September 24, 2019

Scooter World: Vienna

From John Graham:

We’re in Vienna and electric scooters are everywhere, and you only have to look at this Google mapping to see that they’re just as fast and a third of the cost of Uber.


Peter Ladner was there too – and captured this vignette of scooter life in Vienna:

Scooter Vienna 2.jpg

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    1. Actually, it looks like a combination of tram and subway with a transfer is the fastest. Nonetheless, that’s a lot faster than the all subway route which is the slowest.

      This is the point that all the pro-subway people miss. Yes they travel faster. No that doesn’t mean the trip is faster. Often the opposite. Subways have their place. But if we rely on them and forego two to three times the tram/LRT that could be built in their place we lose. And for many more reasons than speed.

  1. Scooters work for a few km, maybe 1-2. After that it is tiring to hold on plus you cannot bring anything with you except a tiny backpack. Also very wobbly and VERY HIGH accident rate. A toy. Fun and novel for now, but in short order most cities will outlaw them,

    Consider other more robust options for “the last mile” that includes longevity and stability, such as trikes or scooters with 4 wheels, a bag for stuff and a saddle.

  2. Thomas, there’s no need to be fearful of scooters for any of the reasons you mention. Have a read of this article, highly applicable to many of your areas of interest:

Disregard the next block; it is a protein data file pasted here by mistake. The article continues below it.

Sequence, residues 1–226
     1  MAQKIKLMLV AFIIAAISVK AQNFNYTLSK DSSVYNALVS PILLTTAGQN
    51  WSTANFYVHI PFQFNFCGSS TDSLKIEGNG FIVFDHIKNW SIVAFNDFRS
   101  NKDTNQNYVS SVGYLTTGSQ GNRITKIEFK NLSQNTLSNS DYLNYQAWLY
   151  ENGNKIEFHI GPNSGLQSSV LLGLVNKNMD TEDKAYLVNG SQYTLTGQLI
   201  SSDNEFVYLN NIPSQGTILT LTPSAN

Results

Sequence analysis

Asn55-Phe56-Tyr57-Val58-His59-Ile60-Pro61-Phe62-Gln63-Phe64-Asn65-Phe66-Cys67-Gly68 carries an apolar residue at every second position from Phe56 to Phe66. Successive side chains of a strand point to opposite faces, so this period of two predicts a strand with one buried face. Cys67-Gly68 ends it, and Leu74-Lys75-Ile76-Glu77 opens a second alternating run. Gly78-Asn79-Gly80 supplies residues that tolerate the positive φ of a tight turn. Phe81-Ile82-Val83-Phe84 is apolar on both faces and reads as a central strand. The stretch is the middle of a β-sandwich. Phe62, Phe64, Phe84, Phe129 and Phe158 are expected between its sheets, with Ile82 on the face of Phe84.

Further to your thoughts:

    – For one-way urban commutes of 0-5km, scooters would provide the ~50% of people who would like to bike more often but don’t for a variety of reasons a highly viable alternative, not to mention all those who don’t use transit or walk – based on factors covered in that Medium article.

    – Just spitballing, based on my understanding of health indicators in the general population, but likely the vast majority of average people under 60 are unlikely to have an issue with arm fatigue; strength isn’t a factor for these short trips. (the words ‘strong’, ‘weak’, ‘fatigue’, ‘tired’, or ‘pain’ don’t appear once in that Medium article)

    – The idea of outlawing something that provides cities such a high degree of utility — not to mention all the social and individual benefits — is eerily similar to the protestations made against cycling for about 40-50 years. The smart money is on an increase in choices like scooters, and that other cities will follow Vancouver’s example of carefully but steadily enabling them (in some cases providing them, like Mobi), and the rest of the “stuff” needed for them to stick for the long-term.

    Vancouver’s coming Big Moves will result in, among many other things, revolutionized transportation policies and retrofitting of our streets and communities to accommodate these options, and possibly within your lifetime.

    Or, to paraphrase the Life cereal ad from the old days: “Try it – you might like it.”

    1. I tried then 3x in three cities, and I generally liked the idea BUT being very agile I too almost crashed (1). You cannot signal (2) and you can’t carry anything (3). Since they are quiet pedestrians don’t hear them (4) and they go too fast for sidewalks (5) – ie too dangerous for folks sharing the sidewalk. Those alone are FIVE huge drawbacks. They may work on dedicated bike lanes, but it gets tiring after a while, unlike a bike.

      Scooters with a saddle AND a basket may survive as they cater to a wider demographic. Just like skateboards, or now e-skateboards, they cater to a small, mainly young and agile demographic ONLY such as this one

      So, yes, we will see them but not in the pervasive ubiquitous manner envisioned by city planners.

      I also like the covered, sharable e-trike coming to Vancouver as a trial soon !

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